Brexiteer Labour MP Quits Commons over Antisemitism, Becomes Govt Tsar

Labour MP John Mann reacts as he leaves the Cabinet Office on Whitehall, in central London on January 31, 2019. - Britain may need to delay Brexit to pass legislation to implement the split with the European Union, Foreign Secretary Jeremy Hunt said Thursday. As the March 29 withdrawal date …

Brexiteer MP John Mann has quit the House of Commons over antisemitism, saying he would “never forgive” Jeremy Corbyn for allowing the party to be “hijacked” by antisemites.

Mr Mann, who was chairman on the all-party antisemitism group, made the announcement in The Sunday Times, with the veteran politician telling the newspaper he will not stand at the next election and will be taking up a full-time role as as an independent advisor on antisemitism for the Conservative government. Unless a General Election is held soon, a by-election may be triggered in his Nottinghamshire seat, which voted for Leave in the 2016 referendum.

“The party will not survive the erosion of its principles and its soul by this racist infiltration,” Mr Mann told the newspaper. “Corbyn has given the green light to the anti-semites and having done so has sat there and done nothing to turn that round.”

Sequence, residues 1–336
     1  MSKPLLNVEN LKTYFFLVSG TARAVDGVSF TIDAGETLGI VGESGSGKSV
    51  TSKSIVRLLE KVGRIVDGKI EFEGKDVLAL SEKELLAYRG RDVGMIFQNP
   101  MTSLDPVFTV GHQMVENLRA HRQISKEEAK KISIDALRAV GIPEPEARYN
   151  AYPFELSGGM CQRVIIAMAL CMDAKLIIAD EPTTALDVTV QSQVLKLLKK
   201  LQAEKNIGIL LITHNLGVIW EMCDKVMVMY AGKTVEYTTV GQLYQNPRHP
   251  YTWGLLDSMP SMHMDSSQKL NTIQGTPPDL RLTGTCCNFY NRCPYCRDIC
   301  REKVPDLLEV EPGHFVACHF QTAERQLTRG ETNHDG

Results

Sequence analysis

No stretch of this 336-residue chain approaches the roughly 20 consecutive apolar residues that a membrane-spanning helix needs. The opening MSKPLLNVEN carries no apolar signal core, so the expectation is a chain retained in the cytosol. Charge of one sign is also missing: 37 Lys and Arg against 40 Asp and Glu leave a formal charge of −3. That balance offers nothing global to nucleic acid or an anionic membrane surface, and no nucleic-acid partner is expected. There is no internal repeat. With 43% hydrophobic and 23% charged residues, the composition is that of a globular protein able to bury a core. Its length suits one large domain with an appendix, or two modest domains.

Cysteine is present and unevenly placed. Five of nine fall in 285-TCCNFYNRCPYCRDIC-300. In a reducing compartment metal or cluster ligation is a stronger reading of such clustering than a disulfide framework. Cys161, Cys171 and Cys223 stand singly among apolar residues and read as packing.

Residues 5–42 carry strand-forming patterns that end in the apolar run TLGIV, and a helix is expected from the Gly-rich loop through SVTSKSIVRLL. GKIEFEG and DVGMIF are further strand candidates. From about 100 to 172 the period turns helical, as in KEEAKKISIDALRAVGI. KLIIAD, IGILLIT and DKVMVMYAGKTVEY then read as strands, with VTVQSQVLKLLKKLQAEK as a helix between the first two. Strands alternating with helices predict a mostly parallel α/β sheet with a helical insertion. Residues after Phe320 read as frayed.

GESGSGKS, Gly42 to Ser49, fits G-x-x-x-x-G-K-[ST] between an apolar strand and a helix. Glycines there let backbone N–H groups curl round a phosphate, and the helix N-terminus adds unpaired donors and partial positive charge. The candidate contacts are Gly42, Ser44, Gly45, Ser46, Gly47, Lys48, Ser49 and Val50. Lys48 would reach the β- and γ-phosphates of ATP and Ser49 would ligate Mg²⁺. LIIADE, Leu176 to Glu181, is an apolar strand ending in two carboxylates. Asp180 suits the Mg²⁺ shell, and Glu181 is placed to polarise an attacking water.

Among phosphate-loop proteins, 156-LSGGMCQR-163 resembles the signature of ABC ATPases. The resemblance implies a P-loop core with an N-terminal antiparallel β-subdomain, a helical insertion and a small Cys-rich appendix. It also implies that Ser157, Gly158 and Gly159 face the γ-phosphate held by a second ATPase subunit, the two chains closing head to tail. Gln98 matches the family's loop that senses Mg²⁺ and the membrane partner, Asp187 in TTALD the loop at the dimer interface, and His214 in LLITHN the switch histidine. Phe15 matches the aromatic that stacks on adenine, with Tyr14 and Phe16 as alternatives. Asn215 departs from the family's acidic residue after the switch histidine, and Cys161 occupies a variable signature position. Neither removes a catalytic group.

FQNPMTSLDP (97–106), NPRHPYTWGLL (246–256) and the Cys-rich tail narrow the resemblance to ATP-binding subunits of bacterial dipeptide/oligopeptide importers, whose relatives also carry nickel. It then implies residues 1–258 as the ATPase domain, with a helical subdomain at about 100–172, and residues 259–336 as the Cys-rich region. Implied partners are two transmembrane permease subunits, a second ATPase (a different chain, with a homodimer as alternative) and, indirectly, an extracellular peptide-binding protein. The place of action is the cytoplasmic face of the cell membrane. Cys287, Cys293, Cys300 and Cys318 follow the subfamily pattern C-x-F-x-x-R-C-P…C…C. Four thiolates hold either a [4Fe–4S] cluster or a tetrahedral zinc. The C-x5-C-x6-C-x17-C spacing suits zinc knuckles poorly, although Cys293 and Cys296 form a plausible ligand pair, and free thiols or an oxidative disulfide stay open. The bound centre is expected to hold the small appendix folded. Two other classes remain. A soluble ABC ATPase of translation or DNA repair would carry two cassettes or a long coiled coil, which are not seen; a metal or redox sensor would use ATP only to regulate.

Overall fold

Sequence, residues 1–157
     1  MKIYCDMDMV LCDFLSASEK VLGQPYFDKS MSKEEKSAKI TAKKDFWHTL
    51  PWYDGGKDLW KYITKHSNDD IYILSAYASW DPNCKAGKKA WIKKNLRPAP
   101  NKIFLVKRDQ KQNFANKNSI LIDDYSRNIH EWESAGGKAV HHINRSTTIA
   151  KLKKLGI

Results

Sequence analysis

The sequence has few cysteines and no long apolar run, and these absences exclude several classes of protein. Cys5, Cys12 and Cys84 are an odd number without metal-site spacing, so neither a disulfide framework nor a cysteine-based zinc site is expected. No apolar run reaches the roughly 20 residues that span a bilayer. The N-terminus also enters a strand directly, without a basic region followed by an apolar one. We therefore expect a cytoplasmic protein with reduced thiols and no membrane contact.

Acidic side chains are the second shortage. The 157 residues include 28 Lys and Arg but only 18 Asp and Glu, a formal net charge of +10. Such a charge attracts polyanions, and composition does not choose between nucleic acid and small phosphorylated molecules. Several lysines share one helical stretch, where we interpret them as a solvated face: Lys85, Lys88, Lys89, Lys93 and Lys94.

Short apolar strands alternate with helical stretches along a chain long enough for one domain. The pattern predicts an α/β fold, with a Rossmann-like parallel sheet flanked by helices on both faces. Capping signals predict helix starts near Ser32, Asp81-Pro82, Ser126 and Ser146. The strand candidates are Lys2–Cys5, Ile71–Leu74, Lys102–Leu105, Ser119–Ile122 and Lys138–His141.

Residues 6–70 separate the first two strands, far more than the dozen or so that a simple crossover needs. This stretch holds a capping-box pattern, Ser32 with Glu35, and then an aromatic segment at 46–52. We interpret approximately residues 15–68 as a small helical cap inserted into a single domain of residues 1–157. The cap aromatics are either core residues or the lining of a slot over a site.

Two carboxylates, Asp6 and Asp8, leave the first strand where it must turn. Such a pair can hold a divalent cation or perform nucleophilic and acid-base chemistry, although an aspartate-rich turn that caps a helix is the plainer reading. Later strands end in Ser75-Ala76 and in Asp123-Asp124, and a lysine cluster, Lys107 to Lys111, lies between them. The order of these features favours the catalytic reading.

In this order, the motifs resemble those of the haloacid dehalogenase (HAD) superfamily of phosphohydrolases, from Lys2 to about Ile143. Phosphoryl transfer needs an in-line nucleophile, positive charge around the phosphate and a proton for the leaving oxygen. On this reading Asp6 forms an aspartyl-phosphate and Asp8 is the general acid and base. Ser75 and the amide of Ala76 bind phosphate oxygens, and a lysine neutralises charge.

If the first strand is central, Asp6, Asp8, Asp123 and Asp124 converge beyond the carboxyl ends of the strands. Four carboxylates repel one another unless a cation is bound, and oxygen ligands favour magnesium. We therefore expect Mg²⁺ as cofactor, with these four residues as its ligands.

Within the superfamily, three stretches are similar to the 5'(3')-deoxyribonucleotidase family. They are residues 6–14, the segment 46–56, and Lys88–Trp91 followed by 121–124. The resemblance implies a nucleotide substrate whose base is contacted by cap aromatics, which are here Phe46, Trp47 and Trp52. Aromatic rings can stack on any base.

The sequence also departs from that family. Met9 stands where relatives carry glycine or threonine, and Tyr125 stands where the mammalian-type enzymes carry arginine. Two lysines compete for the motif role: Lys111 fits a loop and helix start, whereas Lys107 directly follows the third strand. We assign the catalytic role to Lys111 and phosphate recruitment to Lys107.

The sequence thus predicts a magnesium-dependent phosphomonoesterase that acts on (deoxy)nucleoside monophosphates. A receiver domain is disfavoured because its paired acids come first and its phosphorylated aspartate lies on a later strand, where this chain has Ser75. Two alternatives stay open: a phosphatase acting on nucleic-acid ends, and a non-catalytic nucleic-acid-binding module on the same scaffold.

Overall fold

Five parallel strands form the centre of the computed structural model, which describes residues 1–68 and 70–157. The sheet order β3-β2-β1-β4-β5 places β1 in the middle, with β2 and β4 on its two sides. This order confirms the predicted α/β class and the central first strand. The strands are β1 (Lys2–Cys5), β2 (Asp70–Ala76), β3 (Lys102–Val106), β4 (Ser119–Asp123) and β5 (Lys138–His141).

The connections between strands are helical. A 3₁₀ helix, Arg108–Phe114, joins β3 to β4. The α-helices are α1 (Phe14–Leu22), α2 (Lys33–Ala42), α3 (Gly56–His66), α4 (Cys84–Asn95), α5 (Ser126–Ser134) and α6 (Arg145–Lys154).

“Every time I go into a meeting with a group of Jewish people, I wince when they raise the issue of the Labour party and Corbyn. It is impossible to overstate the anger that I have about that. He has not just hijacked my political party — he has hijacked its soul and its ethics. I will never forgive him for that,” he added.

John Mann has been MP for Bassetlaw since 2001 and voted to leave the European Union three years ago. Backing Theresa May’s Withdrawal Agreement, he also was one only two Labour MPs (the other being Brexiteer Kate Hoey, MP for Vauxhall) recently to vote against Opposition and Tory rebel moves to stop a no deal Brexit.

In terms of Mr Corbyn’s leadership, Mr Mann said that he was “not prepared to lie to my voters” about his confidence in the far-leftist as leader, saying that he would not tell them he thought he was appropriate to be the next prime minister, “Because I don’t think he is.”

While Mr Mann remains a Labour Party member, several MPs have quit the party over antisemitism, including Luciana Berger, who joined the Liberal Democrats this week, as well as three peers in the House of Lords who resigned the party whip in July, saying Labour had become “plainly institutionally antisemitic”.

The party has come in for criticism since Jeremy Corbyn became leader in 2015, with allegations of antisemitism and anti-Israel sentiment being levelled at Mr Corbyn, the party’s members, and even at the party structure itself, with critics saying Labour’s administration has failed to adequately deal with complaints of antisemitism.

The Equality and Human Rights Commission (EHRC) announced in May it had launched an investigation into antisemitism in Labour.


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